At the end of September the black clouds hanging heavily in the sky emptied themselves daily and made our stay in that place exceedingly boring. Therefore it was most agreeable to me at the beginning of October to be moved 18 Irish miles away to Ballinrobe where the greater part of the regiment was garrisoned. The place was somewhat better.20 From here I also went on official business to Castlebar, a town situated a further 18 miles away. It is a very good place and is in fact the place where in his day the French general, Hoche,21 made the ill-fated landing.
On 9 November we received in this remote spot the sad tidings of the battle of Jena, which robbed us of the hope of soon seeing our homeland once again. It happened that there was almost continuous rain and wind here, with the result that our houses shook and even partly fell in, and many of our people came down with dysentery, of which one officer died. None of this exactly contributed to putting us in good humour.
The election of new members of parliament occurring at that time made Ballinrobe very busy owing to the many electors and voters flocking in. It also gave rise to much revelry and brawling. Every space was covered with handbills, and crowds of people carried them about the streets. On them were printed, in large letters, advertisements favouring the candidates. Each day the polling-house was full of voters, whose votes were written down and who expressed their opinions publicly. The curious were not wanting either, and this colourful exchange gave us foreigners some entertainment.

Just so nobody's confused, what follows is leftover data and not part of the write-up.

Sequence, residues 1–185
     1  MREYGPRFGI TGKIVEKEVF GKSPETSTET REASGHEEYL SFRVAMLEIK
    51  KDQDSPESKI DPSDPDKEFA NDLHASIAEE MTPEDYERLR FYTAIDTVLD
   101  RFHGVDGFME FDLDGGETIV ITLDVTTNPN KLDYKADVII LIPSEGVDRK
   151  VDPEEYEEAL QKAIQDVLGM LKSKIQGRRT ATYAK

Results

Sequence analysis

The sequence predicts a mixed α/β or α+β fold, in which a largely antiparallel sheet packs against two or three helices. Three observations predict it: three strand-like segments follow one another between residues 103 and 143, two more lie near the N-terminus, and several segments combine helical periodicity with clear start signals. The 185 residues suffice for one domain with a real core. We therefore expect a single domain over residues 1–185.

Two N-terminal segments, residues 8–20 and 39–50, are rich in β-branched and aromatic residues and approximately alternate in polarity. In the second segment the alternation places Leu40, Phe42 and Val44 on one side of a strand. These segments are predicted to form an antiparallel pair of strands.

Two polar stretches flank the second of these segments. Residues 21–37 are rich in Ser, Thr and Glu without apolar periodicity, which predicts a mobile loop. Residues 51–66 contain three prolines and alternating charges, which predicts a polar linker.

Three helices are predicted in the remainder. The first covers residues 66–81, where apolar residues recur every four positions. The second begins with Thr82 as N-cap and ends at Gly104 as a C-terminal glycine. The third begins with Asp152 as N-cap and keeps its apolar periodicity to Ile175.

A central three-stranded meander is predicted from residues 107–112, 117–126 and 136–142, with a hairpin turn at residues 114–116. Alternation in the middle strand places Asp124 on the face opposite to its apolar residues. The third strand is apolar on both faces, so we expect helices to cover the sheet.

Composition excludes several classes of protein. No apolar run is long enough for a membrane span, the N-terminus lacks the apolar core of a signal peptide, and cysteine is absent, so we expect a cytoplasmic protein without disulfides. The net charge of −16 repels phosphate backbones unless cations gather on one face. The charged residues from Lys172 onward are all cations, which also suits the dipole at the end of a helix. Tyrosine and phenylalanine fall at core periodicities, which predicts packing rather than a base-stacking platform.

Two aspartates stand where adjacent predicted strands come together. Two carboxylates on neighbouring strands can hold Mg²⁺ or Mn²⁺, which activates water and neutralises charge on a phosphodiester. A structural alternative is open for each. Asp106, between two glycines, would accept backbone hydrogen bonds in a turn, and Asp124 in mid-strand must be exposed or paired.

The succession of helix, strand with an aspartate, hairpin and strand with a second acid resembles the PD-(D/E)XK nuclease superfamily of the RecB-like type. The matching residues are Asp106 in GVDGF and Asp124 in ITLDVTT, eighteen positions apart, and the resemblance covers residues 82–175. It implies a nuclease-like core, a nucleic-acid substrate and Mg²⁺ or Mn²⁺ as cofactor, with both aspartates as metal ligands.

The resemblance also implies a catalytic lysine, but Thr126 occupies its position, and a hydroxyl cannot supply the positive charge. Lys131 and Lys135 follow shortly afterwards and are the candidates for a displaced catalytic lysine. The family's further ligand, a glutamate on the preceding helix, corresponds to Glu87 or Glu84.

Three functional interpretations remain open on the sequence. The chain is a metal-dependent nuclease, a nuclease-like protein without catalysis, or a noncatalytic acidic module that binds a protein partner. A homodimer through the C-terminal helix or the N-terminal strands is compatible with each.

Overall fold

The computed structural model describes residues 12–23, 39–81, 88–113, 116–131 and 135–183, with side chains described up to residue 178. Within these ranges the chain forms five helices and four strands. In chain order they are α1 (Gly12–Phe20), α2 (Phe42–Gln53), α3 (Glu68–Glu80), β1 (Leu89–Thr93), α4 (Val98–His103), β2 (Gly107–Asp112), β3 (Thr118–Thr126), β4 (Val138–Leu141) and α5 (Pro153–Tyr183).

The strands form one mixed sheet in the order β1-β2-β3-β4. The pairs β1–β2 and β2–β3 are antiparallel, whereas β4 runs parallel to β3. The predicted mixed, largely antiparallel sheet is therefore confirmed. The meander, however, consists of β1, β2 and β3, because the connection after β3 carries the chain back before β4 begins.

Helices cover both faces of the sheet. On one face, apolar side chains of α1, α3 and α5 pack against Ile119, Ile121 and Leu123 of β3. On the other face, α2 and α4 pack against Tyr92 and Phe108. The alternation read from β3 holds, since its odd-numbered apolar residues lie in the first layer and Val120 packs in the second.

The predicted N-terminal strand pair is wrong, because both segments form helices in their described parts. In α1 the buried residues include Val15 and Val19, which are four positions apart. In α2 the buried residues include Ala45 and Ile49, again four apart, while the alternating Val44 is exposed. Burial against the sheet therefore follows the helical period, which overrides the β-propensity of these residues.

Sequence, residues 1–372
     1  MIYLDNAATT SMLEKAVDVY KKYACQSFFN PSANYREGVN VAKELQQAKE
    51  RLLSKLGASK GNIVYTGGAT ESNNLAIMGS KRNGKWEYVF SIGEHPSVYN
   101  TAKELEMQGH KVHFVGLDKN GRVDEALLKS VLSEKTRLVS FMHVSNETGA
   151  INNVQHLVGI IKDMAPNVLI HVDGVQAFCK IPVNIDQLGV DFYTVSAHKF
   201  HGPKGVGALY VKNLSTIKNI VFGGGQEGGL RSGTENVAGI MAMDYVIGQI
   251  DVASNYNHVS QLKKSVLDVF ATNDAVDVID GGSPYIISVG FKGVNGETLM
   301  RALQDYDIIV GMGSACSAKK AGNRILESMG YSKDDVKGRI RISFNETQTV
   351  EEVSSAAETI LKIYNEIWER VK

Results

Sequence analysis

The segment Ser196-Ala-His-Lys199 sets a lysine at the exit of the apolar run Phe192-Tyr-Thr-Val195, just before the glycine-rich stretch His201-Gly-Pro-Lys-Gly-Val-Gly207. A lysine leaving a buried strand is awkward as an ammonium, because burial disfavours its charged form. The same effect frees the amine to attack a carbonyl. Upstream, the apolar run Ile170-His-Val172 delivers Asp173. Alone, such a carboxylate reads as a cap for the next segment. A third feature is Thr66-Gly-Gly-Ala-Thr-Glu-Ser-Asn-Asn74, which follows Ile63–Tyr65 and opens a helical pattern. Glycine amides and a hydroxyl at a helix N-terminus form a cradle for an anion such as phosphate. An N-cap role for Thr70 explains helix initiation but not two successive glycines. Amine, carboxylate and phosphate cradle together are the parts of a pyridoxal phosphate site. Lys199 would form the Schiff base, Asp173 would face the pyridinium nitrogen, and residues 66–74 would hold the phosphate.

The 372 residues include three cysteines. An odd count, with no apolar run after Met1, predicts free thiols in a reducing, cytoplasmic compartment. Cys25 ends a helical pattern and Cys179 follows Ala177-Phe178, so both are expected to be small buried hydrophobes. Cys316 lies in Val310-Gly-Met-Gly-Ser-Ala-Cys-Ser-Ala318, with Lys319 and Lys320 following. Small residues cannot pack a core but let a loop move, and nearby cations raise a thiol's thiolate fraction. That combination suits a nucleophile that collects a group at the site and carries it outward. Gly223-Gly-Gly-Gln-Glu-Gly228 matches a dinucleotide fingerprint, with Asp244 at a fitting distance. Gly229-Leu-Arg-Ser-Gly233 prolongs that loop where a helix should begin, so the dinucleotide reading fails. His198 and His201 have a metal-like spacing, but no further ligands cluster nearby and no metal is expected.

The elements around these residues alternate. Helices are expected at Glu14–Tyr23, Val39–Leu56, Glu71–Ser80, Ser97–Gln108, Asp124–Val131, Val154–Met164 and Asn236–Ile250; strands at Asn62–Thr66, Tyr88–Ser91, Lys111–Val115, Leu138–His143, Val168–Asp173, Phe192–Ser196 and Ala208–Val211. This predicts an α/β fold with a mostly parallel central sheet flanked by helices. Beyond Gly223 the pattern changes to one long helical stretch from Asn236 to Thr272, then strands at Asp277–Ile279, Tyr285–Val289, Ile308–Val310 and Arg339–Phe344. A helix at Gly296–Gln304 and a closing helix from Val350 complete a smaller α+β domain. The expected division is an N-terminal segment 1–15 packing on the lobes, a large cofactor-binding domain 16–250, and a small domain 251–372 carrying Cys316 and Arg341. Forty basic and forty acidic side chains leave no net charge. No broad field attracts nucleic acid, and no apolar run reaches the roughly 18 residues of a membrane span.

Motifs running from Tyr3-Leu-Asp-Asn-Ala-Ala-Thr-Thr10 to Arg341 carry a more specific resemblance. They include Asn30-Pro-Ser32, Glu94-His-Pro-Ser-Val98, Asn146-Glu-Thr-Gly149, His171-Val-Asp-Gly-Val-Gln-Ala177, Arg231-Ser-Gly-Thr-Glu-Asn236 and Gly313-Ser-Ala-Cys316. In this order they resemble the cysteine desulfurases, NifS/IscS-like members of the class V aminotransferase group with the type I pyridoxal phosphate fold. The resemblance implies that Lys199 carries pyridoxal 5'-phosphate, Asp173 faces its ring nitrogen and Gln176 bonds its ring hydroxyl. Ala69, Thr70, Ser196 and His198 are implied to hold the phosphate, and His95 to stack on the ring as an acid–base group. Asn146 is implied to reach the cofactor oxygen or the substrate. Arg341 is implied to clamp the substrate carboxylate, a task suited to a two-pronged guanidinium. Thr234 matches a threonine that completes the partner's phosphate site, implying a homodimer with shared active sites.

On 3 December the two newly-elected members22 were carried all around the streets on big arm-chairs among the milling and incessantly cheering crowd, into which gold and silver coins were thrown by the successful pair.
About seven Irish miles from this place are the remarkable underground lakes that
p.320are said to be connected with the Atlantic Ocean23 At two different places they become visible. With some local inhabitants I went down about 25 feet underground on a sloping path in order to see them and found the width of these streams to be between 12 and 18 feet. They flowed with many bends and, as little light came through the entrance, one could not follow them far with the eye. On their sources and outlet I could get no information.
In February 1807, in connexion with certain business, I was invited to the house of a rich landowner; but here too I found everything in the same style as had been the case hitherto in Ireland. The big country-house was dilapidated, the front steps had fallen in, the interior was rich but neglected, for example the large silk window and bed curtains were in tatters and had certainly not been dusted for many years.
As for the rest, the household furniture was of English make and the dinner table was overflowing.